Sharing Is Caring—And Better for Your Career

The academic year has come to an end. While I enjoy being in the classroom, I’m looking forward to summer. It’s always nice to take a few months off to rest and recharge.

In one of my final MBA classes, we were discussing managerial ethics. One of the mini cases focused on whether it’s okay to take credit for someone else’s work. The students were united in their opinion that it’s not okay. One of the students shared an article she found while preparing for the case discussion. It listed five habits that bosses hate. “Caring only about getting credit” was number five on the list. She made the point that it’s not only unethical to take credit you haven’t earned, it’s not a smart career management tactic either. I agree.

Tweet 137 in my career success book, Success Tweets, says, “Do your job. Give credit to others for doing theirs. Everyone likes to work with people who share the credit for a job well done.”

Sharing credit for accomplishments, ideas, and contributions of others is important. It’s very rare to accomplish a goal or complete a project with no help from others. Take the time, and expend the energy, to thank, reward, and recognize the people who help you succeed. Make sure you’re specific, both when thanking a peer and when discussing his or her contributions with the boss.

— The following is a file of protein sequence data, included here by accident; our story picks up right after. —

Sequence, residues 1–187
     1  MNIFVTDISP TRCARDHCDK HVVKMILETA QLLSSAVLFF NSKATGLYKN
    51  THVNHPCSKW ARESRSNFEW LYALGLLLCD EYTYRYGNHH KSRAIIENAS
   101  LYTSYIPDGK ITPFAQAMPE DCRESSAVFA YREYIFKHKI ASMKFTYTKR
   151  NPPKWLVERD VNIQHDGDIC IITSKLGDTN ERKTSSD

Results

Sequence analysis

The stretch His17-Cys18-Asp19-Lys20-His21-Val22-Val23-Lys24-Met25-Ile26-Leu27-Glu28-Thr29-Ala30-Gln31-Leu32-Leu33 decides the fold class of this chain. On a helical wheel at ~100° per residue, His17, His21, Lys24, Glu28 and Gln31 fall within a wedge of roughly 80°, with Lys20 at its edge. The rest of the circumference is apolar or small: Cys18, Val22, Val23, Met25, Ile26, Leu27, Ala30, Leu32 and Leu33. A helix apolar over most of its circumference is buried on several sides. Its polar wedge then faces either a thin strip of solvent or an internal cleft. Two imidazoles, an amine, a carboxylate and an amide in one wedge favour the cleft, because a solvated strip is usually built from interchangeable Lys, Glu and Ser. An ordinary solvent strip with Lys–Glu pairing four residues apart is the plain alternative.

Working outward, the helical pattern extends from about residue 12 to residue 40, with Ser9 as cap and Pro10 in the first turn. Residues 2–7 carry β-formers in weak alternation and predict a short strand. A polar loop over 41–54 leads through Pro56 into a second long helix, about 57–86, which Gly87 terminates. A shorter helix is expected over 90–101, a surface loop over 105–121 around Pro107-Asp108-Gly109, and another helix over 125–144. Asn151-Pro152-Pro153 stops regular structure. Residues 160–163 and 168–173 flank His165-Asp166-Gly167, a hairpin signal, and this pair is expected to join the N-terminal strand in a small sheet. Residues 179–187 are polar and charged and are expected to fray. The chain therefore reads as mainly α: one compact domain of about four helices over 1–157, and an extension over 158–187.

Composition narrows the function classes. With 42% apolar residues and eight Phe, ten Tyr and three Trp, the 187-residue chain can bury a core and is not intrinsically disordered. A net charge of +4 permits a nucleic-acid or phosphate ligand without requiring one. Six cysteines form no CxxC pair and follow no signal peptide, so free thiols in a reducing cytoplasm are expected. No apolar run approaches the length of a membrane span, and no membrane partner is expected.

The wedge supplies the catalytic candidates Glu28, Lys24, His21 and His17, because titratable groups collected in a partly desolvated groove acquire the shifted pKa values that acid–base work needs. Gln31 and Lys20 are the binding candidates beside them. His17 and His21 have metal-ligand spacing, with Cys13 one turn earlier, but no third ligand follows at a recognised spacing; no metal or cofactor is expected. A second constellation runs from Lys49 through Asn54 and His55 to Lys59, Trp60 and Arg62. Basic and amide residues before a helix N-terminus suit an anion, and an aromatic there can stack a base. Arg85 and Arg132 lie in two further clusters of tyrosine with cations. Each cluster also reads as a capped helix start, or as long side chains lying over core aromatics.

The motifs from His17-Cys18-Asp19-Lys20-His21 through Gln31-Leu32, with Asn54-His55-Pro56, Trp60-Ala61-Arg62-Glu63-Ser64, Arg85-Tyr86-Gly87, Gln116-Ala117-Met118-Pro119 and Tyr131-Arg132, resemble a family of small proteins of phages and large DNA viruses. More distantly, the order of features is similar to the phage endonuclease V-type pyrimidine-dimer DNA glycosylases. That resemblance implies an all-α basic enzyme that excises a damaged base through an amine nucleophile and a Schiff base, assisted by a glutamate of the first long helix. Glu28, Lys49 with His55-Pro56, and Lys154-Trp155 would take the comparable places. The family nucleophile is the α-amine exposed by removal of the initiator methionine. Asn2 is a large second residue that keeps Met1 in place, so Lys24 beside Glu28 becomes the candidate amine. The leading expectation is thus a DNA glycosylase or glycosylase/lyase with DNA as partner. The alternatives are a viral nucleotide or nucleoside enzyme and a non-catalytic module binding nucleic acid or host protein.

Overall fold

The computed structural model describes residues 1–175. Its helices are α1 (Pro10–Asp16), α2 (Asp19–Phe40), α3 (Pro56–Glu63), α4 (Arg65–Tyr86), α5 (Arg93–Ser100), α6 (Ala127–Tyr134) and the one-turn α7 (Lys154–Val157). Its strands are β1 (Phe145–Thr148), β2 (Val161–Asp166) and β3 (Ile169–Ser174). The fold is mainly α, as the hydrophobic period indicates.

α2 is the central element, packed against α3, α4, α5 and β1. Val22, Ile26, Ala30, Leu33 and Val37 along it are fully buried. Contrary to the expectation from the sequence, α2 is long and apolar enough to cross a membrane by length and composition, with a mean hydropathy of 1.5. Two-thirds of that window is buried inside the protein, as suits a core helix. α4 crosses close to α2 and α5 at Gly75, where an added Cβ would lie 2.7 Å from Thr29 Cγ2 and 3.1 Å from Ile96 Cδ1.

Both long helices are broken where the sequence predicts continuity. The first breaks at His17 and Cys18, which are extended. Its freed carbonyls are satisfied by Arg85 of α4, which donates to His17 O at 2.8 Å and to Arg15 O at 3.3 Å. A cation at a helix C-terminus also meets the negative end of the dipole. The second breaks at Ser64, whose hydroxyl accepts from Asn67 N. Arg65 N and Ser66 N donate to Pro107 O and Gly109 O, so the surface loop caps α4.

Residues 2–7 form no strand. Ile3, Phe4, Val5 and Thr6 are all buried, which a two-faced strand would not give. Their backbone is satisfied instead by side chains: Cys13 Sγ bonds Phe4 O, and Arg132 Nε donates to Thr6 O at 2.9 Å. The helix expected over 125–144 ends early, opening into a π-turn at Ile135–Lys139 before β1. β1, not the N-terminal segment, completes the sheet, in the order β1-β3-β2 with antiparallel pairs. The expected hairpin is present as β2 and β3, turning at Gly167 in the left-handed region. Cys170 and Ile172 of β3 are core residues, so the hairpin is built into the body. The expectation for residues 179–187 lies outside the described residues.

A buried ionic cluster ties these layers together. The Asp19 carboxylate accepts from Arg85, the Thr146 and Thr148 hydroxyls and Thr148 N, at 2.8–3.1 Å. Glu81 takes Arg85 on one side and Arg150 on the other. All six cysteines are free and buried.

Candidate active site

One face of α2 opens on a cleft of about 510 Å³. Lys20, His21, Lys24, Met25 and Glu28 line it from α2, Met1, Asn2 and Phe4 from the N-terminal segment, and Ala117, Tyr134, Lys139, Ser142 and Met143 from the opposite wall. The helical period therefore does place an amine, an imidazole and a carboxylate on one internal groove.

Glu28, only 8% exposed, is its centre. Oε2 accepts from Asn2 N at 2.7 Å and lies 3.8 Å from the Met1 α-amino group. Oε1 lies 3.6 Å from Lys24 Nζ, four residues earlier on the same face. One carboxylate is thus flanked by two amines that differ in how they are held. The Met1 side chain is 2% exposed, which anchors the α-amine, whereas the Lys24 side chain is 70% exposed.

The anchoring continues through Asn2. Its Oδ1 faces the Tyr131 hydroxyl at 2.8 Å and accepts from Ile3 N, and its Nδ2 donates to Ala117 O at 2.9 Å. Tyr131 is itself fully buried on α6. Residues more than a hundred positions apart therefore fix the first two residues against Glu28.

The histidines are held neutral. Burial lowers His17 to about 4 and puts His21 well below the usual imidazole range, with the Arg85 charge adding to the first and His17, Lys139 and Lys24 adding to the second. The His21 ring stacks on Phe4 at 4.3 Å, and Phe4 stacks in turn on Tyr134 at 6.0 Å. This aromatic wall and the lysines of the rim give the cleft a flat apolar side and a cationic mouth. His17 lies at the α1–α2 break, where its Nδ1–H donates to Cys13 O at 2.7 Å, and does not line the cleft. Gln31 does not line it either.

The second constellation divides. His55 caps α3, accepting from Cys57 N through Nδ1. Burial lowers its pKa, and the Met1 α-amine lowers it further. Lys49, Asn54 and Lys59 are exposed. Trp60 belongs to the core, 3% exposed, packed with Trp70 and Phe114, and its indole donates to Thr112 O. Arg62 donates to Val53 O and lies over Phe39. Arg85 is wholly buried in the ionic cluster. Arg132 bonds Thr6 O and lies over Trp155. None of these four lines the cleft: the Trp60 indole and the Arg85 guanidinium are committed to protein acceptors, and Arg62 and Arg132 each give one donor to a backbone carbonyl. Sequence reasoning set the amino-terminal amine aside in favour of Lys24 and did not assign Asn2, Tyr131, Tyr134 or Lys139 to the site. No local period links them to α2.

Spreading the Wealth Makes Everyone Better

When you do this, you’ll be helping the people around you become better. Every person has talents, skills, and knowledge. Sharing the credit helps people harness their best abilities—to grow and develop. And personal growth and development benefits everybody. Compliment, recognize, praise, and notice contributions people make. You don’t have to be a manager to help create a positive, motivating environment.

Giving credit where it is due also increases your credibility in the eyes of others. When you openly acknowledge the contribution of others, you show that you are secure in your skills and abilities; that you’re not someone who is so insecure that you must represent the work of others as your own. You also demonstrate your ability and willingness to collaborate effectively, and model ethical behavior by not taking recognition that rightfully belongs to someone else.

To sum up, savvy and ethical people give credit where credit is due.

Doing so will help you build the effective work relationships that are so vitally important to your career success.

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